wikileaks ico  Home papers ico  Cables mirror and Afghan War Diary privacy policy  Privacy
09BOGOTA3332 2009-10-20 18:21:00 UNCLASSIFIED Embassy Bogota
Cable title:  


Tags:   EAIR CO 
pdf how-to read a cable

1. Summary. Per reftel, ECONOFF delivered a Federal Aviation
Administration (FAA) request for investigation on August 26 to
Aeronautica Civil (AeroCivil), Colombia's civil aviation authority,
regarding an FAA violation committed by Colombian national Eduardo
Andres Luna Beltran. Mr. Luna violated Federal Aviation
Regulations under Section 91.531 (c) for operating a
turbojet-powered multi-engine airplane as a crewmember without the
qualifications prescribed in Title 14 CFR 61.55. AeroCivil's
Secretary of Air Security responded on October 13 with the
following documents: Mr. Luna's report of the incident, an
interview between an AeroCivil attorney and Mr. Luna, and
AeroCivil's decision not to sanction infractions nor pursue a
formal investigation because the incident occurred in U.S.
airspace. End Summary.

2. On Oct 19, the Embassy received a response from AeroCivil's
office of the Secretary of Air Security, dated October 13. The
response included Mr. Luna's report of the incident along with
training certificates, training records, and communications from
the FAA, which he submitted to the Investigative and Technical
Sanctions Group of AeroCivil. The response also included a summary
of an interview between AeroCivil attorney Ruth Diaz Castillo and
Mr. Luna on September 25, in which he noted the infraction was not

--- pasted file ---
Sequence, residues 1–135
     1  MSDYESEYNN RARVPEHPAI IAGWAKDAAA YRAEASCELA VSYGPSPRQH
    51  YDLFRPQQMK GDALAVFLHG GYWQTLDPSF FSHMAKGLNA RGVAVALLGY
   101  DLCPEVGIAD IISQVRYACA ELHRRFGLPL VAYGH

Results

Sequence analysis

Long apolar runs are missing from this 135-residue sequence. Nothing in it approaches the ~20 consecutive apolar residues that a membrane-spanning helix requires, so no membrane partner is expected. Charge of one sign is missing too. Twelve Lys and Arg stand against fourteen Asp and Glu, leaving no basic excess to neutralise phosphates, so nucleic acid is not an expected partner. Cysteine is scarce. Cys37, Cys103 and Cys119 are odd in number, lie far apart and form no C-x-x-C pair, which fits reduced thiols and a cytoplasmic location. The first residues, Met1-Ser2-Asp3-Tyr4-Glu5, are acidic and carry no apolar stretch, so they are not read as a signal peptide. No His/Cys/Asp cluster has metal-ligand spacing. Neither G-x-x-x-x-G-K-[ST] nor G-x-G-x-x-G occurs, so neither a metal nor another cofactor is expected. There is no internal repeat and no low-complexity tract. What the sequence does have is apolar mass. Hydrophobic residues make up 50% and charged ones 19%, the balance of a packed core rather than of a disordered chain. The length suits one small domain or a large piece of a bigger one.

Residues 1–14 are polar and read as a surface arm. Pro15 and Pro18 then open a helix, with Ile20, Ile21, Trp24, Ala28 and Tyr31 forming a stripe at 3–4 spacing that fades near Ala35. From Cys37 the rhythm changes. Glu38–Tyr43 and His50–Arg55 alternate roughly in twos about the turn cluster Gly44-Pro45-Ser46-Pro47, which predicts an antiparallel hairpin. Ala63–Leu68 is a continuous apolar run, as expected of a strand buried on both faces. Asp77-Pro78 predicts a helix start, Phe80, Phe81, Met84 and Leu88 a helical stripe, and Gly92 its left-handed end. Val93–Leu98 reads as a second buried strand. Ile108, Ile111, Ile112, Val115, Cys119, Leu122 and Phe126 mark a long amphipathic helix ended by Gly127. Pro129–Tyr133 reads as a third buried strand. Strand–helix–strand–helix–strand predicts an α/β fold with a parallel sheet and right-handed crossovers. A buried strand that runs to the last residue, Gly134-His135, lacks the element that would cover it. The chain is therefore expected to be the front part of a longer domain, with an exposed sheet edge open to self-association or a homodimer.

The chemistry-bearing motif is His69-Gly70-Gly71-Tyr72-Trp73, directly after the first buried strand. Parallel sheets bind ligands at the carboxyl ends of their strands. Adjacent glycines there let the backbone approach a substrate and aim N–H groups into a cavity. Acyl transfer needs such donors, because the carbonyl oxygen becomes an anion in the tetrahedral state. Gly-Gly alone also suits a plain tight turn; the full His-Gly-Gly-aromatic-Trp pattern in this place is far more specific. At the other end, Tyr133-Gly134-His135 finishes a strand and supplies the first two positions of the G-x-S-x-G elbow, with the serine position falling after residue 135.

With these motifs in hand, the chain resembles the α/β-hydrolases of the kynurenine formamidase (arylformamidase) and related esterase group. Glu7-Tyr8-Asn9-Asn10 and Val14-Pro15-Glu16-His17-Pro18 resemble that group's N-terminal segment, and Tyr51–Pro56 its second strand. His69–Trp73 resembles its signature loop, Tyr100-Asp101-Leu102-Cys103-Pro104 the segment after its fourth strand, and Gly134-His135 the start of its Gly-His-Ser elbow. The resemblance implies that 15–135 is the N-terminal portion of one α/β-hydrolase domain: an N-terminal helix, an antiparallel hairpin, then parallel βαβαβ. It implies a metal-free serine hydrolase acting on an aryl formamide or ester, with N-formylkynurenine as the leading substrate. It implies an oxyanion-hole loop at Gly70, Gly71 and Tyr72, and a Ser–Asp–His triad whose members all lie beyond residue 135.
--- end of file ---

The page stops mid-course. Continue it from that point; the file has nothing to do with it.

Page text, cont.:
deliberate and he was not properly informed by the aircraft owner
of the requirement to hold an FAA pilot license for the type of
aircraft he copiloted. (Note: The FAA report indicated that it was
reasonable to assume Mr. Luna was aware of this requirement; he had
registered to obtain an FAA license and was on his way to attend
training for a rating in the BAE-125-800A aircraft. End Note.)

3. During the interview with AeroCivil, Mr. Luna stated he
cooperated with FAA officials and followed their advice to
co-validate his Colombian license and pass an FAA Instrument Rating
exam. He took a course on the Hawker equipment at Simcom Training
Center in Orlando, Florida. He also stated he never received a
letter of investigation from FAA (dated June 12) and therefore did
not have a chance to explain his version of the incident.

4. The Colombian authorities have no plans to pursue a formal
investigation regarding this incident. AeroCivil concluded on
October 6 that since the incident occurred in U.S. airspace, the
FAA is responsible for evaluating Mr. Luna's documentation and
proceeding as it deems necessary.